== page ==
The real story behind Zara Workers Exploitation amid Coronavirus crisis


The novel coronavirus has impacted several industries to varying degrees all over the world. Out of all industries, the retail industry and beauty industry are some of the ones that have been hit the worst.


As more people are social distancing and practicing home quarantine, no one’s priority is fashion. They simply don’t care about new or upcoming trends in the season. 

With most people wearing pajamas while doing remote work or studying, retail therapy seems like an unlikely activity.

Zara Workers Exploitation amid Coronavirus crisis

Coronavirus doesn’t seem to deter fashion giants like Zara, however. Their strategy remains the same. Zara workers who assemble clothes, swimwear, shoes, and other such items are being impacted.

In the world where coronavirus was non-existent, fast fashion had been a major issue. It even posed as one of the reasons behind the deepening economic divide.

Garment workers have to live on minimum-wage as owners get millions of dollars, sometimes. Zara’s owner, for example, is the world’s, sixth-richest man.

Amancio Ortega, the billionaire owner, is attempting to rebrand the retail chain as a hero amidst the pandemic. He’s supported the initiative of producing hospital masks and gowns and flew in supplies from China which are said to be worth millions 

When the coronavirus was at its peak in Spain, Inditex, Zara’s parent company closed down more than 3,000 stores. The billionaire has also made headlines as he was pushing for good PR by ensuring that the Zara employees in Spain received their pay in full.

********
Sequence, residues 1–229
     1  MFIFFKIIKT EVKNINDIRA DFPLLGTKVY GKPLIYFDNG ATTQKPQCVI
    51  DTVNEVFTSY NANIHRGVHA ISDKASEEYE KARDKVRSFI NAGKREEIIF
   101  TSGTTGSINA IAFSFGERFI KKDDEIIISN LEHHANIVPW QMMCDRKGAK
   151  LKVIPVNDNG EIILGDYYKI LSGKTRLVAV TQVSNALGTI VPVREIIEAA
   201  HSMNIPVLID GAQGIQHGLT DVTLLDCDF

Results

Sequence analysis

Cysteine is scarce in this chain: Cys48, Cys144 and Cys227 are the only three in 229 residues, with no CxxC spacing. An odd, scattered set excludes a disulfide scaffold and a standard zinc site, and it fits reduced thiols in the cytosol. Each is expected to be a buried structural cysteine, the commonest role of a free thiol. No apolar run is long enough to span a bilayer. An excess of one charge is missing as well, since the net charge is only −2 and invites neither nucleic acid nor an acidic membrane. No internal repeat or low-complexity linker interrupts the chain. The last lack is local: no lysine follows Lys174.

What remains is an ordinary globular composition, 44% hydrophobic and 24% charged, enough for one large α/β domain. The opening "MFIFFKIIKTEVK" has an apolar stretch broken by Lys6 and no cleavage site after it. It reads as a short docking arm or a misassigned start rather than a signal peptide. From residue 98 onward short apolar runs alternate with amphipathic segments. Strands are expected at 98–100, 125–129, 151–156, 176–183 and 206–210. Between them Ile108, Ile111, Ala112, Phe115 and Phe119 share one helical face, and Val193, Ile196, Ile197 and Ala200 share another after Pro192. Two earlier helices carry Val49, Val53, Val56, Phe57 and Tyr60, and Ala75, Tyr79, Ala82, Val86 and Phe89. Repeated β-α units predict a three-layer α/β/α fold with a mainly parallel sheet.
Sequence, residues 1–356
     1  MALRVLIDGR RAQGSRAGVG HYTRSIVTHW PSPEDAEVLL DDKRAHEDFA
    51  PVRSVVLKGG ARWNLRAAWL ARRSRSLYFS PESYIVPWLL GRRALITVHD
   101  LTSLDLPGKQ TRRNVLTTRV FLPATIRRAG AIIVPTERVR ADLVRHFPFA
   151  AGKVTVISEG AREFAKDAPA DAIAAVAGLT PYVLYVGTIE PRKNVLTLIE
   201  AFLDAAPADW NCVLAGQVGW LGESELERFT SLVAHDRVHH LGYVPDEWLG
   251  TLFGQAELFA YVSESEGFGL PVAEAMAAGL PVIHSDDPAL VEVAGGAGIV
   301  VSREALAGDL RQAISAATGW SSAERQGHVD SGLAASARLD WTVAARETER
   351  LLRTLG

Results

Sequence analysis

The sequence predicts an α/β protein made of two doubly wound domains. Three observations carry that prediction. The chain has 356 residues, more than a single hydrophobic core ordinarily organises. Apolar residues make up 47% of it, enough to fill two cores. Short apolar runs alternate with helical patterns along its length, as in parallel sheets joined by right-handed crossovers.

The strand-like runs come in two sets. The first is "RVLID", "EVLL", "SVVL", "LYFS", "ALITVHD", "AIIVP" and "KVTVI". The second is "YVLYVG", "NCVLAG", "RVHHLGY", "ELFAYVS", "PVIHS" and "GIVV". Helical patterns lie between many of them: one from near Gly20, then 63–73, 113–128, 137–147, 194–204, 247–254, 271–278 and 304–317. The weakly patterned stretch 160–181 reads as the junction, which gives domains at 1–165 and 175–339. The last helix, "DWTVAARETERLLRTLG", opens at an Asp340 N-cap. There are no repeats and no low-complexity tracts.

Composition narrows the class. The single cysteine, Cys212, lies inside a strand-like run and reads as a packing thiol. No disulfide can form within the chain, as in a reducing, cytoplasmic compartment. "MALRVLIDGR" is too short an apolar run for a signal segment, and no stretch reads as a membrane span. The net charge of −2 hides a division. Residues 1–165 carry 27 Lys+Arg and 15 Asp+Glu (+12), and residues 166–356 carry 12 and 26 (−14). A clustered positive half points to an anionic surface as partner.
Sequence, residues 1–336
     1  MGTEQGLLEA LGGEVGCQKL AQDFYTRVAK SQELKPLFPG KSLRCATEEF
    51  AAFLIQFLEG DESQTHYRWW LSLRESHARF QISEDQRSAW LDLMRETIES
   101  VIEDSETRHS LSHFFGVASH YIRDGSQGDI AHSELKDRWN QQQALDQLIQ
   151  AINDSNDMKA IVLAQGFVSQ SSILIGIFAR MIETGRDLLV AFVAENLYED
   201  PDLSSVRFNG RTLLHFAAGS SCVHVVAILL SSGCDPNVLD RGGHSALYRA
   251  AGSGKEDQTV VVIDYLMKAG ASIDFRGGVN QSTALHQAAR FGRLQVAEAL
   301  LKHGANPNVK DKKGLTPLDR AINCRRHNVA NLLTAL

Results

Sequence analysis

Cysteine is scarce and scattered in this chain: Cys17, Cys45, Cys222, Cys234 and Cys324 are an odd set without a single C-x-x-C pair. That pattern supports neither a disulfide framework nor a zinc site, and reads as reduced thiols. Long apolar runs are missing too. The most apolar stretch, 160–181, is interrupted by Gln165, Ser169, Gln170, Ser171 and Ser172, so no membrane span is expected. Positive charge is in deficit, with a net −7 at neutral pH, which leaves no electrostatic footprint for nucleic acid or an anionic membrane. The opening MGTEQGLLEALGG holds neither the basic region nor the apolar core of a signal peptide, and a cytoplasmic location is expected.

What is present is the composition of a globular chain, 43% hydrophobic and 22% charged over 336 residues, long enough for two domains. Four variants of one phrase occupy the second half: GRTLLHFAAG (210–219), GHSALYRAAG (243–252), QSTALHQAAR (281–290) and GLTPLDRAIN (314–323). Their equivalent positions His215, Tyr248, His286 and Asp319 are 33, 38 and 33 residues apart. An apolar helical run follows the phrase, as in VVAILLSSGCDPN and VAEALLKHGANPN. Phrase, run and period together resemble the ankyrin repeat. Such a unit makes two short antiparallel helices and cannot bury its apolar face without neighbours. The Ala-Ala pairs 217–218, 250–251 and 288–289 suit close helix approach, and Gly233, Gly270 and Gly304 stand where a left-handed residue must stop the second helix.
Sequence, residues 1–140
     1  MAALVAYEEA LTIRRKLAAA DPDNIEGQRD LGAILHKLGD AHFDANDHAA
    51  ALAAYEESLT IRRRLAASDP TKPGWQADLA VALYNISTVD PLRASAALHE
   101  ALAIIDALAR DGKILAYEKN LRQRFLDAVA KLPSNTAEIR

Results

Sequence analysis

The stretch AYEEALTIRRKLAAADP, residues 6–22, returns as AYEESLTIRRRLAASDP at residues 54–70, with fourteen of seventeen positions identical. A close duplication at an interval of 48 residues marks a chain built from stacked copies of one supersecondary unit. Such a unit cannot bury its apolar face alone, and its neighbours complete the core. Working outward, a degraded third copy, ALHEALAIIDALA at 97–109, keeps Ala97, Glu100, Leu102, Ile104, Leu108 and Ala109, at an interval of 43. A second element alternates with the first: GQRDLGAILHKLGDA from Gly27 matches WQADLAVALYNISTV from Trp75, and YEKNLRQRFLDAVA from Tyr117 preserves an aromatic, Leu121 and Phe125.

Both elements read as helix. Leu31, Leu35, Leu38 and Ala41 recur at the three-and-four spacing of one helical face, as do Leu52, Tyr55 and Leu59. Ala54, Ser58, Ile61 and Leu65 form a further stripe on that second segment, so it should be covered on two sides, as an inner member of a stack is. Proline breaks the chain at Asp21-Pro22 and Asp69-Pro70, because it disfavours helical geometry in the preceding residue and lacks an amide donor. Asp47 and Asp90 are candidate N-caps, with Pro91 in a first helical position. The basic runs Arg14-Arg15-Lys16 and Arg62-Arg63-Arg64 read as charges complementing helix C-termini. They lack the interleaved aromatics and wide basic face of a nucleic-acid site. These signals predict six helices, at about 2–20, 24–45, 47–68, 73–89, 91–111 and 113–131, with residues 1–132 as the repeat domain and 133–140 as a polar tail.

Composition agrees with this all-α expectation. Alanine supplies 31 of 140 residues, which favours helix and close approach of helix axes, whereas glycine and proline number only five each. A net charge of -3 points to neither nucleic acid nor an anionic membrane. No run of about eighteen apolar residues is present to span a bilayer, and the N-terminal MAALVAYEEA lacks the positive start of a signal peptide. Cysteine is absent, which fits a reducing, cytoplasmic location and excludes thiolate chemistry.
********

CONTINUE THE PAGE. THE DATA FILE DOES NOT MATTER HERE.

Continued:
The PR worked as an ambulance crew wished him on his birthday as they gathered outside his place of residence.

However, according to BuzzFeed News, zara workers from factories in Zara’s supply chain are forced to work 11-hour shifts. These workers in Myanmar have to do so for 6 days a week for very meager pay.

500 such workers were laid off when they asked to be provided with durable face masks and to implement social distancing. One of the two factories, Myan Mode, laid off every member of a labor union. 

In fact, one of the zara workers who got fired was a woman who reported and complained of sexual harassment at the factory in 2019. One anonymous worker said, “We could all die, and for what? Making already rich brands super-rich.”

In response to these allegations, Inditex told BuzzFeed News that they were trying their best to ensure suppliers were following guidelines to protect workers. Apparently, the Myan Mode situation has been partially resolved as 29 workers have been reinstated.

There are about 500,000 garment workers in Myanmar that live in dormitories that are rented to them by the factories they work for. 

However, this comes at a cost of half their salaries.

Myanmar’s minimum wage is amongst the lowest in the continent of Asia. This has led to a wave of strikes last year where 50,000 workers have entered or formed labor unions.

Also Read- 5 Ways to reinvent your business after lockdown

Myan Mode’s union was able to collectively bargain for minuscule demands like more reasonable work hours. They also negotiated for permission to be late to work for up to 15 minutes.

This is certainly not Zara’s first controversy as they’ve been accused of racial discrimination, terrible working conditions, and tax evasion in a pre-coronavirus world.


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